It is not unreasonable to want pets in violent third-person shooter video games. The team at Digital Extremes doesn't think so, as the new (and rather major) Warframe update includes pets, as well as other substantial additions. These include a better opening tutorial and user interface, a whole new Warframe class, new modes and quests galore.
Cliff Bleszinski is returning to the videogame business with BlueStreak, a free-to-play sci-fi arena shooter for the PC.
PlanetSide 2 is two years old in November, and has changed a lot. In constant contact with the community, SOE have reformed the economy, restructured Auraxis' vast planetary bases, redesigned the UI, and even added entire continents, like the long-awaited Hossin swampland. PlanetSide has a proud legacy, but PS2 has evolved into something unique—a free-to-play game that supports multiplayer warfare on a startling scale. If you haven't played since launch, it's time for another visit.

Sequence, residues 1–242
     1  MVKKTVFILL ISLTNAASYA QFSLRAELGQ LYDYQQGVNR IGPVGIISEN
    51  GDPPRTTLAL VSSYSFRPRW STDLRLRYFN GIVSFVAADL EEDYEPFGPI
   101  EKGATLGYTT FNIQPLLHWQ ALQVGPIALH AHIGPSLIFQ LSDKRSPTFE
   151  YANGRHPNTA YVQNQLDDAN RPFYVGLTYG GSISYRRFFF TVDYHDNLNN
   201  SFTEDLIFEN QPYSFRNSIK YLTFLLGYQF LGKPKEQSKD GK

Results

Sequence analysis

Bandai Namco's free-to-play - sorry *vomits* free-to-drift - racing game Ridge Racer Driftopia's year-long beta will come to an end in around 60 days. Normally that would be the time when a game graduates from beta to, er, 'the one after beta', otherwise known as 'released'. That's not happening here: Namco Bandai Namco (delete as applicable) have announced that they're to take the project offline instead. By August 15th, Driftopia's servers will be shut down, while its Steam Early Access page will presumably be Old Yellered in the back of the head. Given the staggering number of negative reviews on that linked page, I shan't think people are going to miss it.